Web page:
The aim of “preservation” means that the aspect of individual crafting and designing is toned down. Being able to document traditional material is a prerequisite for further work on renewal; the documentation and analysis of traditional materials is important. In this context, the concepts “preservation / renewal” refer to how students acquire knowledge of how objects within an area of the traditional arts are produced, i.e. they should become acquainted with the techniques, the tools used in crafting, material qualities, form, etc. This knowledge and understanding is important in their work, where renewal is the goal. The end product of such a process can be an approximate replica of the object that is documented and analysed and a product which exhibits “renewal”.

Through this use of tradition, students will gain basic knowledge of traditional production methods and an understanding of how traditions have developed and changed.

Year-assignment, exhibition with written account

The year-assignment is an important part of the study programme and will encompass the different subjects on which the study programme is based. The content of the year-assignment should include the combined activities from formulation of idea, planning, design / production and presentation / communication of results. The theme must be approved by the class leader and subject teacher before the student starts on his/her year-assignment.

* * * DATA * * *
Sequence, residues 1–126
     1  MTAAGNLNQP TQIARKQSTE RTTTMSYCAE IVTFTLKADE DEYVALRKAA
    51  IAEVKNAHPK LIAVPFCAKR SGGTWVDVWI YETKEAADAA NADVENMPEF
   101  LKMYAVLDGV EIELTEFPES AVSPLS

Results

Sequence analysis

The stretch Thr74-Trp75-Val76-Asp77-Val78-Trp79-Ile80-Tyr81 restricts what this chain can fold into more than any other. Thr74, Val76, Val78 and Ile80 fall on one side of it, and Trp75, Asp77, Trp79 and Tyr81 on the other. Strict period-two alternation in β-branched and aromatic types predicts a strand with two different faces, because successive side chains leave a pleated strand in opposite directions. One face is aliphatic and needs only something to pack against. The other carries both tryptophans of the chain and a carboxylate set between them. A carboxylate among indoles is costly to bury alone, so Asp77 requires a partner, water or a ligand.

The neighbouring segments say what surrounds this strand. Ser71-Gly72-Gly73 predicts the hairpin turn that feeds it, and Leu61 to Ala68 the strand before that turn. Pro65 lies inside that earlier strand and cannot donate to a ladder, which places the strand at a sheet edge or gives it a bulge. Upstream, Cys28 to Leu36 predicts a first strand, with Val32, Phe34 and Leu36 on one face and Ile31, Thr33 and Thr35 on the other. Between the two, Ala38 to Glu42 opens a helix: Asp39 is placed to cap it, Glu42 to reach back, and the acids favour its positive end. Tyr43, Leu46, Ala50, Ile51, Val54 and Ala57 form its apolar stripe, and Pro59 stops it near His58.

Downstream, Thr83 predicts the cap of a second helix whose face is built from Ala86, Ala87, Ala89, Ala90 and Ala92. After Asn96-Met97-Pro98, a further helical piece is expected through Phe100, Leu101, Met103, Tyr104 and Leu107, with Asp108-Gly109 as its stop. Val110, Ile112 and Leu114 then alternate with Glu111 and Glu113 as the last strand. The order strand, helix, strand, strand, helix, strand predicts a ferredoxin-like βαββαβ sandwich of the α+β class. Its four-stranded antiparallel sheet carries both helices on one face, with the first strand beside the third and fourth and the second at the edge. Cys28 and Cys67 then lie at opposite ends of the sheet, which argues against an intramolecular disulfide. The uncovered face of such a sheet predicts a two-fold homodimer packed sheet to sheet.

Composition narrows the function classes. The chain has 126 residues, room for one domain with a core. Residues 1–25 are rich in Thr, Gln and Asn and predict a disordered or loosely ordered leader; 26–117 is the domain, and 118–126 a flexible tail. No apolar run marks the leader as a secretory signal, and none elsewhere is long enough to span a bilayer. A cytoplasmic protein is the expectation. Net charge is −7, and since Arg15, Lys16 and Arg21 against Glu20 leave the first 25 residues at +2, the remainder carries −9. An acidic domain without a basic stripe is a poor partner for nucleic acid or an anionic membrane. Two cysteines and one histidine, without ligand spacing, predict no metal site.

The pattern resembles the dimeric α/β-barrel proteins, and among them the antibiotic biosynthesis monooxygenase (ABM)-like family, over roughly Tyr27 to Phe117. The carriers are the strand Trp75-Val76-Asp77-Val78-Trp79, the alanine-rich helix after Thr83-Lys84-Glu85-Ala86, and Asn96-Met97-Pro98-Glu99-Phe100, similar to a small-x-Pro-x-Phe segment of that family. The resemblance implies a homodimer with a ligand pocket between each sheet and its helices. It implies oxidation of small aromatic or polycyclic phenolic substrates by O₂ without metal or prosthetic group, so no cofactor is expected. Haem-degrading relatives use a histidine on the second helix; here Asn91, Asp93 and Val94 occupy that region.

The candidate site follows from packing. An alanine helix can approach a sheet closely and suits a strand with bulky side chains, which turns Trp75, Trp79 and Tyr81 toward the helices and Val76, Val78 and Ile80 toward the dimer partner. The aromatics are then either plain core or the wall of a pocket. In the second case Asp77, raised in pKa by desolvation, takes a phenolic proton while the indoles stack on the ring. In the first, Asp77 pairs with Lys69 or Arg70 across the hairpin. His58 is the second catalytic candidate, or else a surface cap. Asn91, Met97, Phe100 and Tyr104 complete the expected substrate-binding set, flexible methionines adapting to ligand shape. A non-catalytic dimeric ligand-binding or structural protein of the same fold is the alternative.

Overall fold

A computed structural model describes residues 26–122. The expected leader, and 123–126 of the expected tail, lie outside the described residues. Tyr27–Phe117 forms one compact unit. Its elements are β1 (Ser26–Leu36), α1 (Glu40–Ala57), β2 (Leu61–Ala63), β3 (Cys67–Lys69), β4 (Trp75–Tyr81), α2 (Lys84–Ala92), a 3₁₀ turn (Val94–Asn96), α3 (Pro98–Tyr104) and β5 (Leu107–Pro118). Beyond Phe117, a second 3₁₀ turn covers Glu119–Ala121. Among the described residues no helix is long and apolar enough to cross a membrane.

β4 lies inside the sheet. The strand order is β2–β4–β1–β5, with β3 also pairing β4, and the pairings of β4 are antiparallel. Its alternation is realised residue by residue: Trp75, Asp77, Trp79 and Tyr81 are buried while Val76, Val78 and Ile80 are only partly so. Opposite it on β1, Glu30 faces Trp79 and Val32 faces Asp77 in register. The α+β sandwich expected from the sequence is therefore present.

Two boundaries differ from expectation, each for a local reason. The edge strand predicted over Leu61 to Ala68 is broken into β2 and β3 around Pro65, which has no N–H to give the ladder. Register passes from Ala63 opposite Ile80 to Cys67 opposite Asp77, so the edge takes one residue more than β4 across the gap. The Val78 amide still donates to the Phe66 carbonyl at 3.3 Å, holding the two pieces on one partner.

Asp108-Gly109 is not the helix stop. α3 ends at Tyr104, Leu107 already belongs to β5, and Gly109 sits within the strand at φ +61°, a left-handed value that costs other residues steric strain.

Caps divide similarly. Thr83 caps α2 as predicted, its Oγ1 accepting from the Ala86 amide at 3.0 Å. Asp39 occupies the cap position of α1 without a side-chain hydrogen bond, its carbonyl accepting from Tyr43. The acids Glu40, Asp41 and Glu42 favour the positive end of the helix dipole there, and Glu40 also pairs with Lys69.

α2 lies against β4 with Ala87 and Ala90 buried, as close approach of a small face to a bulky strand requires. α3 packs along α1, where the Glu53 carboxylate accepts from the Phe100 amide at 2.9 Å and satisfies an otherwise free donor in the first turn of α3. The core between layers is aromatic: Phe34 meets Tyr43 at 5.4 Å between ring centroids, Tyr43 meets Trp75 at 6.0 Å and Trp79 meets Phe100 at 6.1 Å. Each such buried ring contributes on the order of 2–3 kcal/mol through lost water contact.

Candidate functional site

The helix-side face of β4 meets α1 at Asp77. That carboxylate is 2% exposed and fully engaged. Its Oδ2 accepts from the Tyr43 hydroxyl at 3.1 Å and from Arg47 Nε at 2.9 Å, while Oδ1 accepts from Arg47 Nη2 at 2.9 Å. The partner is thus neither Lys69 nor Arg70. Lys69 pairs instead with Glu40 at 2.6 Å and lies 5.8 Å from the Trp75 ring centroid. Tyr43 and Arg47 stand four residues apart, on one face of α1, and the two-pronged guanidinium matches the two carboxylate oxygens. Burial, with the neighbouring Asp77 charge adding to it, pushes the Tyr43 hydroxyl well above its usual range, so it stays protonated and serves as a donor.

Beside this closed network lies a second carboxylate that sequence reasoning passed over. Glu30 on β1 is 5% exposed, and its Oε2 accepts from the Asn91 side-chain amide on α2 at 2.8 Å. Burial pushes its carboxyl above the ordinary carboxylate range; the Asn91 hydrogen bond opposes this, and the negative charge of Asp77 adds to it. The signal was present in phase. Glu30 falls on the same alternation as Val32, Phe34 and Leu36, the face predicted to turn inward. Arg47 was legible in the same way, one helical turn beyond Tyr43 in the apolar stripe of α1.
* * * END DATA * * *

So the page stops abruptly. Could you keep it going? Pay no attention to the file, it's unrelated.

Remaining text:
Course weeks / theme teaching:
The study programme will also focus on specialisation / specialisation of certain techniques / themes. These course weeks will be taught in parallel with the work on some of the course units. Participation is mandatory. Students will also submit a report following each course / theme week

Study trip:
The advanced study programmes in folk art and folk music both share a mandatory study trip to a European country. Hungary has been chosen, because this country is rich in traditions with regard to both folk art and folk music. The study programme has acquired good academic networks in this country, both with educational institutions, organisations and traditional artists and musicians.

Students who cannot participate in the obligatory study trip must complete an assignment on European folk art. This will be assessed on a pass/fail basis.


European Folk Art
Students may choose to study abroad (three months), which will provide them with the opportunity to become familiar with the traditions of the place they are visiting. By contrast and comparison with the local traditions, students will be encouraged to view Norwegian folk art in a wider arts and cultural context.